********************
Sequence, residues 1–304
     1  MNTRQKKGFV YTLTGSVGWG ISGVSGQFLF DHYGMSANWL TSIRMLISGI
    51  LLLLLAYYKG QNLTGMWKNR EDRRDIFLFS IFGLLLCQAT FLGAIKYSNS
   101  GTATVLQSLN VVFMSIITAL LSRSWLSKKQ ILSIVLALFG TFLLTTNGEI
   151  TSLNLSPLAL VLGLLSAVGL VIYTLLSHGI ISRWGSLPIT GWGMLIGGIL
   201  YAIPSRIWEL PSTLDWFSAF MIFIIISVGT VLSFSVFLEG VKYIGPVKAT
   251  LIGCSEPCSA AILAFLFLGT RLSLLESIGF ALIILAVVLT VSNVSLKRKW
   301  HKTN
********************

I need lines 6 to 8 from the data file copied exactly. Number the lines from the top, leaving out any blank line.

   201  YAIPSRIWEL PSTLDWFSAF MIFIIISVGT VLSFSVFLEG VKYIGPVKAT
   251  LIGCSEPCSA AILAFLFLGT RLSLLESIGF ALIILAVVLT VSNVSLKRKW
   301  HKTN